Back to Index

Language Diversity: Bilingual in America

From Slovakia, Tom Grey writes "I like English immersion. But I wouldn't want my own children "held back" by being in the same class as poorer speaking immigrants (in Slovakia, my kids speak both English and Slovak fine.) Below is an analysis of two state propositions about it. Especially noteworthy is the ad compaign against immigration in Colorado". Bilingual split
By a two-to-one margin, Massachusetts voters adopted an initiative requiring English immersion classes for students who aren't proficient in English. But bilingual education boosters defeated the Unz initiative in Colorado; 56 percent voted "no." In Massachusetts, the anti-bilingual forces spent no money on advertising, but gubernatorial candidate Mitt Romney endorsed teaching in English in his ads. He was a big winner too.

In Colorado, a billionaire's $3 million donation funded a last-minute pro-bilingual advertising blitz that played on white parents' fears. The Rocky Mountain News interviewed the ad men behind the pro-bilingual campaign. Their strategy: Don't mention bilingual education or Latino culture. Instead, raise fears of "Chaos in the Classroom" if non-English-speaking students aren't taught in separate classes. . The announcer states children who speak little English, largely Hispanic students, would disrupt the education of "your children" -- presumably the majority white families of Colorado. . . . An "a-ha" moment came in September, (John) Britz said. They were interviewing what they considered a typical suburban voter -- female, Republican, a parent. The woman was adamant in her support of 31. Then Britz said her own children would be affected. That her child's teacher might be distracted by having to work with students who know little English. "She turned," he said. "She said, 'They're going to put them in my kid's class?'" It was ugly, the admen admit. But it worked.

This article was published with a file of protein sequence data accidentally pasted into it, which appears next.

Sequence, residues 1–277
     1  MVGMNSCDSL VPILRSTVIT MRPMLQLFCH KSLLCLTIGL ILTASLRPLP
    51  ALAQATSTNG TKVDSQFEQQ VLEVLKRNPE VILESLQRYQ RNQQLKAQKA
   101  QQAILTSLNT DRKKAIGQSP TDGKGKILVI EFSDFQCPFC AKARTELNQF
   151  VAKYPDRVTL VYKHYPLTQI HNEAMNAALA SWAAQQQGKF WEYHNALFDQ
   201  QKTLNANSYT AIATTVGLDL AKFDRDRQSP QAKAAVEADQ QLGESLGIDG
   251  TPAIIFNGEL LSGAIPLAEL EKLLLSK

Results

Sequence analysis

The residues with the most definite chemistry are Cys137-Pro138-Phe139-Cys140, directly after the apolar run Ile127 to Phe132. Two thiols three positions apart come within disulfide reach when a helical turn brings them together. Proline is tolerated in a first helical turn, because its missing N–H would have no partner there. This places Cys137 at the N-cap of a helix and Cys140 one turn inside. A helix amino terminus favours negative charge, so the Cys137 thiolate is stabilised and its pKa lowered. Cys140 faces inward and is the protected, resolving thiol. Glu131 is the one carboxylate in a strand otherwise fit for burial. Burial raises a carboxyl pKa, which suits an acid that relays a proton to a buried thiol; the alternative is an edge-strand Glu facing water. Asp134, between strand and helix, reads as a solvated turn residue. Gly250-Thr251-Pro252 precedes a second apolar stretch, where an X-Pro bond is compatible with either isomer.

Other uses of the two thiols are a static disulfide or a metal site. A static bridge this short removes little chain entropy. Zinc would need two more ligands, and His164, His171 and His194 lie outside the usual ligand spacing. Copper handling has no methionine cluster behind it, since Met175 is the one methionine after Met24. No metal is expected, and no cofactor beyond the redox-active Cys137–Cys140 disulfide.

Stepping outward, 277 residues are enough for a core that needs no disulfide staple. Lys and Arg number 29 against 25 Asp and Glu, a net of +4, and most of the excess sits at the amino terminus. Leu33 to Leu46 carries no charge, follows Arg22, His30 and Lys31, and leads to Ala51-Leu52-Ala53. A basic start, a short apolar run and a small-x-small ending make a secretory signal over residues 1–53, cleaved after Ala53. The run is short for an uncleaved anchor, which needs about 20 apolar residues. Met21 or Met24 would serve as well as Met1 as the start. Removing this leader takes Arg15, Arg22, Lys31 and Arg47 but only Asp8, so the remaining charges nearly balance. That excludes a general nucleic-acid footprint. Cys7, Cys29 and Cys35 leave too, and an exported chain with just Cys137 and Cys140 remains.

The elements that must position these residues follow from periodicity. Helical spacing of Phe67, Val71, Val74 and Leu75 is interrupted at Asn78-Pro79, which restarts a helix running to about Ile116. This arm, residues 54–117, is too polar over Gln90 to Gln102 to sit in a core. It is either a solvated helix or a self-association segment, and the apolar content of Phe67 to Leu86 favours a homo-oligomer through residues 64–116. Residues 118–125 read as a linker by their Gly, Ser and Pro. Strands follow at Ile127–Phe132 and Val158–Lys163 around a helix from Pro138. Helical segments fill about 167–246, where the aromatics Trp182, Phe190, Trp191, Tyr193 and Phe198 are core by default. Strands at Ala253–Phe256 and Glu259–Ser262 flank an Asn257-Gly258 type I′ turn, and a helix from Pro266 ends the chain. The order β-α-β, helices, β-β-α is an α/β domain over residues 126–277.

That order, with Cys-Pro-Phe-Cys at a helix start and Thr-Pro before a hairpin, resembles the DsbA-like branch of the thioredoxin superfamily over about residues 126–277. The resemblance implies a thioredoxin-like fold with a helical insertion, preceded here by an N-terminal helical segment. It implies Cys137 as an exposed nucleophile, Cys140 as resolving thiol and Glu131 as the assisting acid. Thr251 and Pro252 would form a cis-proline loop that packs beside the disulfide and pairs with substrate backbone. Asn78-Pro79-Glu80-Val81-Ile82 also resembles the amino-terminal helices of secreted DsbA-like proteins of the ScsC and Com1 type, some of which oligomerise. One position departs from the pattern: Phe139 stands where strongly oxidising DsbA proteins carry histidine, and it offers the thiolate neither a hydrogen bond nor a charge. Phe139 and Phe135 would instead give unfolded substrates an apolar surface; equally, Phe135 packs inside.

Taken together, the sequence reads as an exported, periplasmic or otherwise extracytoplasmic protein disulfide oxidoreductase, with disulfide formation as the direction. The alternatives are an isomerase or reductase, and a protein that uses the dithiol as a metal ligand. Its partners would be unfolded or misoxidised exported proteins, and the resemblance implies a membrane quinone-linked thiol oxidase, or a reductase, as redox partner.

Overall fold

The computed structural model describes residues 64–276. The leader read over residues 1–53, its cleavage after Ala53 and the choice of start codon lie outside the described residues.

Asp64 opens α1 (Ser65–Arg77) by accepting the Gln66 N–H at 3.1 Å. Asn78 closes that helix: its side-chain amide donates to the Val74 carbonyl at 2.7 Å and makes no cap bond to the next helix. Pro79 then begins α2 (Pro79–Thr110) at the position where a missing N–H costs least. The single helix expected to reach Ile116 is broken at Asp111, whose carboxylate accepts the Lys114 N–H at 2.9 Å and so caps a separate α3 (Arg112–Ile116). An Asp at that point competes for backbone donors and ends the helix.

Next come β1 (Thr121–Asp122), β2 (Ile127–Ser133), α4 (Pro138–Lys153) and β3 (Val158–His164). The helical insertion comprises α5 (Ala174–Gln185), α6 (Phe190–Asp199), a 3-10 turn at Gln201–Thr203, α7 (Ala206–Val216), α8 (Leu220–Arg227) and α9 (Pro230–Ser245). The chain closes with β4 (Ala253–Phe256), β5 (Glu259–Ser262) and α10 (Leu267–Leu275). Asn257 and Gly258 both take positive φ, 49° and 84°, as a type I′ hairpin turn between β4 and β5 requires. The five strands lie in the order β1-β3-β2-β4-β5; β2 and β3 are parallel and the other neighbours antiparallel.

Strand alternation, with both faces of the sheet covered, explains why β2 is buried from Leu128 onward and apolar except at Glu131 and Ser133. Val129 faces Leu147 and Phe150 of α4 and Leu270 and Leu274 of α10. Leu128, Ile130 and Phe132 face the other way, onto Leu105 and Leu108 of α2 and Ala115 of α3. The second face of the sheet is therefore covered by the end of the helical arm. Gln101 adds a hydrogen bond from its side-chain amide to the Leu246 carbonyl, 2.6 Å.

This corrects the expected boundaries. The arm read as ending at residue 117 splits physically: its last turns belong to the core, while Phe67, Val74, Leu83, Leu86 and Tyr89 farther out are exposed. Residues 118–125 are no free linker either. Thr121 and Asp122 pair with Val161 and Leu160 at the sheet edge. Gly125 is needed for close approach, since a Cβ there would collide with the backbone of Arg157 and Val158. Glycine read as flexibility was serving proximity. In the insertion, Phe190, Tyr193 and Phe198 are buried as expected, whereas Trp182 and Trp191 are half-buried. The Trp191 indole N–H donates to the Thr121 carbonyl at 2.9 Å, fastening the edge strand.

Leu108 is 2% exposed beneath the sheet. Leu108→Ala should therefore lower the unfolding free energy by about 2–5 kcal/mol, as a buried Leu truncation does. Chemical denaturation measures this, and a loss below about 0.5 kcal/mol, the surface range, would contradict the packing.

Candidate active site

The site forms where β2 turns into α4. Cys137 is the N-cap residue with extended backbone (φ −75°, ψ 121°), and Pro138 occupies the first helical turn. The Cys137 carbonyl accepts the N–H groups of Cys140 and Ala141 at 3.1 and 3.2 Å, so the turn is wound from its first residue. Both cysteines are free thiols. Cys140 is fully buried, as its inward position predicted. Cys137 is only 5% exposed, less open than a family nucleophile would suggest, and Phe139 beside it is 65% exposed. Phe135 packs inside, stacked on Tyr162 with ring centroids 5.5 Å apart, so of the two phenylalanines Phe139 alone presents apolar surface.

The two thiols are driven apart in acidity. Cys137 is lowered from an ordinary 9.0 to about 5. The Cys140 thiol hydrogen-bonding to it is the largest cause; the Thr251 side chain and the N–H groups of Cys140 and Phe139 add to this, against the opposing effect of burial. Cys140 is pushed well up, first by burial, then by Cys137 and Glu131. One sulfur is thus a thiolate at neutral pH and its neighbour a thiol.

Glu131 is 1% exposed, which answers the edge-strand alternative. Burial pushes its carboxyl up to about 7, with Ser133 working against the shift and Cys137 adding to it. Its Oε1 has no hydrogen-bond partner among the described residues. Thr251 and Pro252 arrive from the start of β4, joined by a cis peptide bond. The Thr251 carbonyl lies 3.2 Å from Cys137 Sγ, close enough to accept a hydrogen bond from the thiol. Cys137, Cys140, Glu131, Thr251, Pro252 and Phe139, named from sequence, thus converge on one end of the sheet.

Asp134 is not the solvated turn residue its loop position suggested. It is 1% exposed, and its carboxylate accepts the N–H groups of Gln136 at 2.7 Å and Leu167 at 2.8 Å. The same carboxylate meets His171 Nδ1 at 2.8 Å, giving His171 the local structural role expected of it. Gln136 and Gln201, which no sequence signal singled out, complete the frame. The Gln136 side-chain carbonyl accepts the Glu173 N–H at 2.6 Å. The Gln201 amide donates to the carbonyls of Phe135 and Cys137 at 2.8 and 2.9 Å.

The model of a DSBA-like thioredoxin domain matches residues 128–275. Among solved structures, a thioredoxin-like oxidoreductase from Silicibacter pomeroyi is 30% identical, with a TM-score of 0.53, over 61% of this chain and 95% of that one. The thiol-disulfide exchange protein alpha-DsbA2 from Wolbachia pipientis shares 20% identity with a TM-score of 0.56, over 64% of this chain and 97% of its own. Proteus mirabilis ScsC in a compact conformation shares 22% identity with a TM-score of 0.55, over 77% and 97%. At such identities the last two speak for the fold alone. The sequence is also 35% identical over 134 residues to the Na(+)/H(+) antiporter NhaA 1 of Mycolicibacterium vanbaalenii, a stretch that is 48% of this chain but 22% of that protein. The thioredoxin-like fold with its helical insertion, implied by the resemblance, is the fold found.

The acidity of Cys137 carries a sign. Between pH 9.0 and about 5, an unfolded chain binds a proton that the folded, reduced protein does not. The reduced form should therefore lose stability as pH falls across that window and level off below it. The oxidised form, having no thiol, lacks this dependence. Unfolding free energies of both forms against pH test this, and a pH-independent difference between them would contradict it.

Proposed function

Ronald Hilton - 11/14/02